Monday, February 26, 2007

Winter Storm, Round Two: Power's Out!

Shortly after I posted my blog on Saturday, the power went out. Obviously, the ice had downed the power lines, so it got dark in a hurry. The power had been blinking on and off all afternoon so we figured hey, it'll be out for a little while, and hopefully it will be back on by bedtime. We meant bedtime Saturday. We didn't get power until bedtime Sunday. 28 1/2 hours without electricity is a long 28 1/2 hours, believe me.

It could have been worse. We're on city water, so we still had water pressure, and we have a natural gas range, so we could cook food and boil water (lots of water) for hot beverages. Our house is only 10 years old, so we have good insulation and no drafts. We only lost 12 degrees in temperature over time, and foodwise all we lost was a carton of vanilla ice cream. We ended up putting our food in coolers and setting it out in our uninsulated shed which was just as cold as the outdoors (27 degrees). Carl and Mary managed to scrape and salt the ice off the paved portion of the driveway Sunday afternoon, so when we get our next batch of bad weather (allegedly Wednesday night/Thursday morning) we won't have to deal with ice under whatever we get.

We didn't realize how bad the power outage was until we listened to the news. I can get the local TV stations on my weather radio, and they said that 100,000 people in our utility's service area were without power, and more than 1000 poles were down. 500 miles of lines and cables were downed or damaged, and they were saying that it could be Friday before everyone had power restored. For some reason, they singled out Benton County as the worst to restore, and that freaked Carl and I out to the point that we called my brother Keith to see if we could somehow get his generator. It's kind of an old generator - it belonged to my Dad originally - and my sweetheart younger-older brother tried to get it to work. He managed to get the motor started, but there was something wrong with another part of the machine, so that option was a no-go. (Just to let you know how nice my brother is, he even offered to bring it here if he could get it working. What a great guy!) Anyway. So Carl and I decided that, first thing in the morning, if the power still wasn't on Carl was going to go generator hunting. We laid out a plan of which shops to hit and when, and I also made a short list of other items needed (milk, batteries, etc) and we went to bed. About 20 minutes later, I felt Carl stir and he said "The power's back on!" He walked around the house to make sure everything was running and that the air coming from the furnace was warm, and all was well. We slept until about 4:45 - Hannah caught a cold over the weekend and was coughing, so we got her some medicine and sent both girls to their own beds. (We'd had them huddled up together on our futon.) Hannah went back to sleep, but about an hour later Mary came in and laid in bed with me to watch TV. Naturally, the girls and I don't have school today, but good ol' slave-to-his-job Carl went in to work. Devoted, ain't he?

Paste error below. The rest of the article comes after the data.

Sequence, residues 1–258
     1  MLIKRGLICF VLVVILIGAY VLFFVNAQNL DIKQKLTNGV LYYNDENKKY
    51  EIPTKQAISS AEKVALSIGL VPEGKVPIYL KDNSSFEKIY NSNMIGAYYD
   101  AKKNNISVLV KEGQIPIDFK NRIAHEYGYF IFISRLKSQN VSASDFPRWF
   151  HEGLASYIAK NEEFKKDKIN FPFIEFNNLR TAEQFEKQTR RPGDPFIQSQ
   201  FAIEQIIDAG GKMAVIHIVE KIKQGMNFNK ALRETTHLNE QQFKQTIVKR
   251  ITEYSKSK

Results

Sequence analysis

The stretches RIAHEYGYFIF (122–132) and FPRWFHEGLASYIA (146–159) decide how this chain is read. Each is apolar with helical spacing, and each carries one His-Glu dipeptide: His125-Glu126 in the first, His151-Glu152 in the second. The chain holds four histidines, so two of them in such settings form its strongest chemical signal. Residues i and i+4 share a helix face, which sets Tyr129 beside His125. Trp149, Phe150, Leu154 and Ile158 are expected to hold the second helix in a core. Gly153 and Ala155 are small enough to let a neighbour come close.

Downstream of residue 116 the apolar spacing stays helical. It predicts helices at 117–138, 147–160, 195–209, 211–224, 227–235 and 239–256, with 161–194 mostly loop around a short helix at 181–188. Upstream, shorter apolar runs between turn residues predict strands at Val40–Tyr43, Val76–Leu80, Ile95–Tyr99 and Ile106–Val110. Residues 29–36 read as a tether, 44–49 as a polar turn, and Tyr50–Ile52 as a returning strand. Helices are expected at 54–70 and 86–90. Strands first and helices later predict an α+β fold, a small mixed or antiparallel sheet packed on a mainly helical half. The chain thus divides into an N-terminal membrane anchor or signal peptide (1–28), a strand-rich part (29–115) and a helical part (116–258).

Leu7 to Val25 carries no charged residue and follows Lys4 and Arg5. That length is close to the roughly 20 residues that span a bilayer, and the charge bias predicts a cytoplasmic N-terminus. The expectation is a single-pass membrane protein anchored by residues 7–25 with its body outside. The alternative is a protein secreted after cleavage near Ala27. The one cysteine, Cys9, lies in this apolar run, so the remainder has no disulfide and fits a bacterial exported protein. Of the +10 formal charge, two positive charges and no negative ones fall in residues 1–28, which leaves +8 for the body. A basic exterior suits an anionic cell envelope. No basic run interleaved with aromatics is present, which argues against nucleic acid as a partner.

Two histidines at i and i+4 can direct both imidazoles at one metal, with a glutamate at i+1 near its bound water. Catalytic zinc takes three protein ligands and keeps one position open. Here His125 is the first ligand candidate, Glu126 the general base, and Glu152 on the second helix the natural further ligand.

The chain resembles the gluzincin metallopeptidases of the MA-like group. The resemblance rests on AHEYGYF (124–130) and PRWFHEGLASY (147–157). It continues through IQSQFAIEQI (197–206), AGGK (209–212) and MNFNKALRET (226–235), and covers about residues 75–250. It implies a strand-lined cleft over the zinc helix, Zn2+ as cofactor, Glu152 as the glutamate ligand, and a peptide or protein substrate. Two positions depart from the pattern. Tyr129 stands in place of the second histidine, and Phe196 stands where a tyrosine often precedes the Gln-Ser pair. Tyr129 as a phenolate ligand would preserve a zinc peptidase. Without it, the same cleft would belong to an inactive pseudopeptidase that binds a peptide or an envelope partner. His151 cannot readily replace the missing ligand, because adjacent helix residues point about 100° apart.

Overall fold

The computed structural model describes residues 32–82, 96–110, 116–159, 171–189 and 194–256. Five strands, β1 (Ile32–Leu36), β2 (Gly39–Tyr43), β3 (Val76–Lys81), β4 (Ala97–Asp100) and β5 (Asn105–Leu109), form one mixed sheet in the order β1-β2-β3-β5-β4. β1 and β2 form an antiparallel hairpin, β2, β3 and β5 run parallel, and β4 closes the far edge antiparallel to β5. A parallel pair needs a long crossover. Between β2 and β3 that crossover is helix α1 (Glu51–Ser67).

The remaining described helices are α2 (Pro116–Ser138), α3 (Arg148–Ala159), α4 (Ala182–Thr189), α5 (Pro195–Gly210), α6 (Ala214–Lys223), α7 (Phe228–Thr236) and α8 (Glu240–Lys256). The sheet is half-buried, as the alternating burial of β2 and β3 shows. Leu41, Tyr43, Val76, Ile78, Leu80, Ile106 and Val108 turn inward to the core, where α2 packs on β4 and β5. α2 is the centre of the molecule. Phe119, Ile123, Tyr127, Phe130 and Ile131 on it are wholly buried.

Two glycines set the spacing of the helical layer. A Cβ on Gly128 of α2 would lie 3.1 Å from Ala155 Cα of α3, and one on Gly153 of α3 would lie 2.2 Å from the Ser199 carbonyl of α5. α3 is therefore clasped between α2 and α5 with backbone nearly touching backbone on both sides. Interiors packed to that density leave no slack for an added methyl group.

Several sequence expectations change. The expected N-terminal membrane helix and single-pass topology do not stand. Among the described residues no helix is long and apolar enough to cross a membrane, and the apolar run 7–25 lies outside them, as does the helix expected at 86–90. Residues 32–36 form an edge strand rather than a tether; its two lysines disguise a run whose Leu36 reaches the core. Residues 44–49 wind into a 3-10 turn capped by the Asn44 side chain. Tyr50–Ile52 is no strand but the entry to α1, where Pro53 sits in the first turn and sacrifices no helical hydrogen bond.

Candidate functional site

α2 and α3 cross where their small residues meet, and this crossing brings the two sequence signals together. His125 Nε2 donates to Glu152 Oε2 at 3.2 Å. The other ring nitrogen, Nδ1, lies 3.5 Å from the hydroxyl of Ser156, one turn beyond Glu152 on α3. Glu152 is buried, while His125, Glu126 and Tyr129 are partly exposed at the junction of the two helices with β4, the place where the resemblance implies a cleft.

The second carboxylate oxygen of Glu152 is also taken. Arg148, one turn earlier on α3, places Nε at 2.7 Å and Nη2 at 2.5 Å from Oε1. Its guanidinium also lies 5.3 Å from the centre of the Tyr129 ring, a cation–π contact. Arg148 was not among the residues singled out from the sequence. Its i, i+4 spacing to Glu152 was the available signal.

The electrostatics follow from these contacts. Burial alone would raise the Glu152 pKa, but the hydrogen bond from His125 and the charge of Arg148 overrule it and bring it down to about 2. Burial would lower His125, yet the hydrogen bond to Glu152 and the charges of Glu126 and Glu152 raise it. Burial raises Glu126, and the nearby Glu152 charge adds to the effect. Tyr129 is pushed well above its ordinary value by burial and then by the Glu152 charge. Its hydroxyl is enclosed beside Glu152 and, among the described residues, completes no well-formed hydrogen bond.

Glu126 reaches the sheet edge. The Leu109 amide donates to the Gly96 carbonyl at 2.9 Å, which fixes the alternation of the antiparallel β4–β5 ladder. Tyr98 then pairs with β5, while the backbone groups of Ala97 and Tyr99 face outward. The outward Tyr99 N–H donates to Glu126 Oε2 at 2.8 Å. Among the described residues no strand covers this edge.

So now everything's pretty much back to normal. I have some cleanup to do: putting storm stuff away, sweeping up all the dog hair (he spent the weekend inside with us) and folding the laundry that I managed to get washed before the power went out. Over all, I'd have to say that even though it wasn't a nice weekend, it wasn't bad, either.

I mean, it could have been a LOT worse.

Saturday, February 24, 2007

Winter Storm, Round One: The Ice

This is our front porch. It has about 3/8" of ice on it.

This is our mailbox. I'm guessing those icicles are around 5" long.

This is our purple ash tree, coated with ice and bent by the wind. Poor tree. Maybe it needs a hug from AlGore. Global warming? HAH!!
This is our basketball pole. It is not an optical illusion that the net and icicles are all leaning to the right (pointing west). The wind is strong from the east, and they froze like that.
This is our ice-coated driveway. Sensing a theme yet?

This is a north view of our swingset/treehouse thingy. Again, notice the icicles pointed west.

A final view of the swingset/treehouse thingy. And a big thanks to my wonderful husband who braved the elements and went outside to take these photos. They may come in handy later; if we have damage, the insurance company may want proof. Brother, they'll get it!

Monday, February 19, 2007


My daughter Mary saw a robin this morning. She was so excited! Both she and her sister can't wait for spring. I must admit, I'm a little tired of winter myself. Fortunately, this week the weather around here is supposed to be warmer. We're finally supposed to have an entire week where the morning lows will all be above zero. Whoo-Hoo!!(Today's high is supposed to be around 40.)